• Lucia Joyce

Joyce Of All Trades

The thing about learning is...the more you dive in, the more you realize there is to learn.

I was a learning sponge as a kid. I made everyone read my books to me over and over, completely rapt every time. I walked around looking at plants and bugs (from a safe distance of course). I loved art, and writing, music, and science. I loved homework and projects and book reports because I learned so much in the process. I wore my Millet public library card out (mostly on science fiction and Garfield comics). I latched onto dance. I learned to ice skate (like all Canadian kids, because it's mandatory), and swim, and make friendship bracelets, and tell jokes. I memorized movies and repetitive commercials. I learned to cook and hand sew, and play sports, and make mix tapes. I learned to be charming in different ways around different people: cool kids, older cousins, dance peers, teachers, friends' parents. I loved and still love fun facts, and finding self deprecating ways to make people laugh, and books.

In my early 20's, I learned the phrase "Jack of all trades; master of none". It crept into my subconscious--a nice thick root for my worthiness issues to take hold of and run with. "Oh no," I subconsciously thought:

"I didn't train far enough in dance or music to be successful."

"I never learned any Tagalog, or how to surf, or play guitar."

"It's too late. I'm f**ked."

It never sounds as whiny as it truly is when it's casually drifting in your mind.

What an insane thing to be afraid of--not knowing enough.

Not being specialized enough; not picking up a dozen other strategic skills in a finite amount of adolescence; not honing a talent enough to be at prodigy-level. Like it's too late to learn the things you're still interested in. Like being the best at something is the only way to enjoy that thing. What a crock of baloney.

I believed it though. I still occasionally fall into the trap.

The truth is, if I had spent less time worrying about the choices I'd made and how they didn't live up to arbitrary standards, and spent more time just learning, I would have made a lot more progress, in literally any skill or field I desired.

When every new ability or thread of information is treated as a chore, or a sad amateur hour, the learning process slows, and your mind swiftly becomes cluttered with shitty old beliefs instead of cool new ideas. The world needs the latter, and definitely not the former.

Today I had another acting gig with CreatorUp, got a green light to write a new article for Dance Plug, learned a couple more chords on the ukulele, played frisbee for an hour at the park, and sang karaoke while I organized my bathroom drawers. In a half hour I took to update my Instagram profile 'highlights' (the circular buttons with archived stories), I flipped through my stories from the past year. My archive was filled with dances, songs, drawings, recipes, workouts, costumed characters, travel, and links to stuff I've written. For the first time (in maybe all of my adult life), I realized that I'm a Joyce of Many Trades, and it suits me. I would much rather be constantly learning everything I'm interested in than obsessing over one form of expression or one exclusive goal. I would much rather be in many phases of mastery than one. Most importantly, I am allowed to hold as many art forms and sciences and skills in my heart as I feel suits me, as mastering one of them is not 'the goal'. Delicious, endless learning is 'the goal'. It's the way I want to live. And if that means taking up ukulele and hydroponic gardening while exploring film school options in 2020, so be it. I no longer see myself as a lost, forever 'late blooming', master of 'none'. I see myself as happy, and diverse, and open to the life in front of me: a life of endlessly crossed mediums and fused genres and evolving forms of inspiration.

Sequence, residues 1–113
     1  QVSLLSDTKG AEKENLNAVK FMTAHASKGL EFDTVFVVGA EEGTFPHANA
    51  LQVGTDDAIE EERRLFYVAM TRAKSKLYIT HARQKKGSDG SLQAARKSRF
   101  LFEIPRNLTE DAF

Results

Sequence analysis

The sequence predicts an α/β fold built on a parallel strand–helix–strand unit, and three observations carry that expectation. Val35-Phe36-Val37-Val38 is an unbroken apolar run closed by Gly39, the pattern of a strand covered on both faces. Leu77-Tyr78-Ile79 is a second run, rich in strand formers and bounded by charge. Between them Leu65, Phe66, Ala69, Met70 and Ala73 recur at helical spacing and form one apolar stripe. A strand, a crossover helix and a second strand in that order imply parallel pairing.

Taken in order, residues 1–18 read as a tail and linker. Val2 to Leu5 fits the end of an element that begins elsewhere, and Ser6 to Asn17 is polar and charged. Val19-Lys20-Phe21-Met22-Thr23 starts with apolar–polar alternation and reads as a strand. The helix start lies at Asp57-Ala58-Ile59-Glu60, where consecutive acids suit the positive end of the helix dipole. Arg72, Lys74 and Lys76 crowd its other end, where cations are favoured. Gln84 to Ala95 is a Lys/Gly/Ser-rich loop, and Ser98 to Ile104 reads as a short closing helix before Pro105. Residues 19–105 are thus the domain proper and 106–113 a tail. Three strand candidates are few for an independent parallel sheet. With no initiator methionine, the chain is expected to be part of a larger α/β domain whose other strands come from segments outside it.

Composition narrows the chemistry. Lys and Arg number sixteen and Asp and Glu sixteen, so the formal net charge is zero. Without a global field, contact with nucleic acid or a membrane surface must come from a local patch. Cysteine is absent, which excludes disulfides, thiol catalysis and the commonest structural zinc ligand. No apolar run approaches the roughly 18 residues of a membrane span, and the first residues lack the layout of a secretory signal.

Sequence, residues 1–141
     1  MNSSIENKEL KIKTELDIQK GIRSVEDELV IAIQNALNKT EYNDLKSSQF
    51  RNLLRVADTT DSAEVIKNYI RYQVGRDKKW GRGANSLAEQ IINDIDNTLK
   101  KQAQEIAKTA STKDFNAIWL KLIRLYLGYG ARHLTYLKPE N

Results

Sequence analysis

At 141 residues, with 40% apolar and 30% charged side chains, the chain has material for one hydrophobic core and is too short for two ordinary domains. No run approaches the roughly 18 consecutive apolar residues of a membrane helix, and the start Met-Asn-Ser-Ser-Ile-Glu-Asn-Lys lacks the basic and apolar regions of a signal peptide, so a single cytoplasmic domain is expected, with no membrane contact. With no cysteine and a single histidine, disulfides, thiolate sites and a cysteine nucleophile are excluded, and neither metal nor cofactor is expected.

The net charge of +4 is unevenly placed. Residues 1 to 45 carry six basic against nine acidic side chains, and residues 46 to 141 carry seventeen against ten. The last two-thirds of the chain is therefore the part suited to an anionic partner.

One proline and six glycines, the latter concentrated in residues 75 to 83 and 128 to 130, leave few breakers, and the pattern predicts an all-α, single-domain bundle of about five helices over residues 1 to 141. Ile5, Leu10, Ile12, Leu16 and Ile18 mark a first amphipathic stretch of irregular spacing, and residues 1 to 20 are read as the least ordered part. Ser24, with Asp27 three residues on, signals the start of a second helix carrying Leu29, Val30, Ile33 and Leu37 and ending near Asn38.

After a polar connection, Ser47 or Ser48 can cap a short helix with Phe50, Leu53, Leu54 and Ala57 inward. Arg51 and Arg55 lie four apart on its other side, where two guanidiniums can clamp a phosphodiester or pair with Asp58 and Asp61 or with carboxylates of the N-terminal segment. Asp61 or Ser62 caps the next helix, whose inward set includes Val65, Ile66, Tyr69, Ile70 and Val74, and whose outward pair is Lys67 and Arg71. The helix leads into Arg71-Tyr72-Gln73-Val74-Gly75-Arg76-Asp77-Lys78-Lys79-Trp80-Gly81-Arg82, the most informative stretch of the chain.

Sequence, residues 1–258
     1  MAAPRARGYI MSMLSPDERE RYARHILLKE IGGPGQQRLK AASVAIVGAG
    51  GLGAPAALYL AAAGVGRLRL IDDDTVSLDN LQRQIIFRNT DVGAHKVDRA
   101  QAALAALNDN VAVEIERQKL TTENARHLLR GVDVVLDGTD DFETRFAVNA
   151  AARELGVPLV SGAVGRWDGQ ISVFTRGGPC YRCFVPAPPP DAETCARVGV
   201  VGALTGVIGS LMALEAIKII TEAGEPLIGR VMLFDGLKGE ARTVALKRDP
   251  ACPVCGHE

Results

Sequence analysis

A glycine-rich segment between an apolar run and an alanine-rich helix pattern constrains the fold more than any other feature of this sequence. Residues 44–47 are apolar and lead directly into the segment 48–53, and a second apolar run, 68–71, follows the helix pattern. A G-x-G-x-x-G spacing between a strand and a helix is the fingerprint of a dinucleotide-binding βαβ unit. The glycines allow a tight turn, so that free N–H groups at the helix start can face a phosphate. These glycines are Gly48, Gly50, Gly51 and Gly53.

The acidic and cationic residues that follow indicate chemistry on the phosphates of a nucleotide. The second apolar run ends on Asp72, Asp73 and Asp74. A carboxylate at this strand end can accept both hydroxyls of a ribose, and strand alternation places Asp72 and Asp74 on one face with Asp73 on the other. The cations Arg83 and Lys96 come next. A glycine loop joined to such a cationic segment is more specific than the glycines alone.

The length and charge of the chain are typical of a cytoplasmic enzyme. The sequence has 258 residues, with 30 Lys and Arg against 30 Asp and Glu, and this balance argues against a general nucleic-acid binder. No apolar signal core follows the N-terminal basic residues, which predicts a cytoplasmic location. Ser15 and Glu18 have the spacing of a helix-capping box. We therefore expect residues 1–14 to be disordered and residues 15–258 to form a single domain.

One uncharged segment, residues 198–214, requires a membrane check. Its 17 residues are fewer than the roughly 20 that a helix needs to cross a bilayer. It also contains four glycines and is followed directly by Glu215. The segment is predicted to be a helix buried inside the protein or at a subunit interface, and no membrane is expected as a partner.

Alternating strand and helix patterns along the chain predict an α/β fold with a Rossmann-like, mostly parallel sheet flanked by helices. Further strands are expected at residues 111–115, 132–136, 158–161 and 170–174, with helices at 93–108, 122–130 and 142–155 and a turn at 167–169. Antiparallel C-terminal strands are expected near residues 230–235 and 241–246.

"Not knowing" should never be a blockade to starting the learning process. It simply is never too late. We put so much emphasis on the deftly honed skill or fully realized brand that we often fail to realize that there are little delights in every phase of the learning journey. Just stumbling through a song on the ukulele after less than an hour of practice gave me enough dopamine to honor the day. Because life isn't all tallied points and checked boxes. It's a creative, evolving learning experience, made human by our expression of it.

Wherever you're at on your learning journey with the things you love, whether it's handstands, or photography, or botany, or creating online content: embrace where you are, and embrace the unique hobbies, skills, body of work, and experiences that set you apart, even if you're still a novice in some of them.

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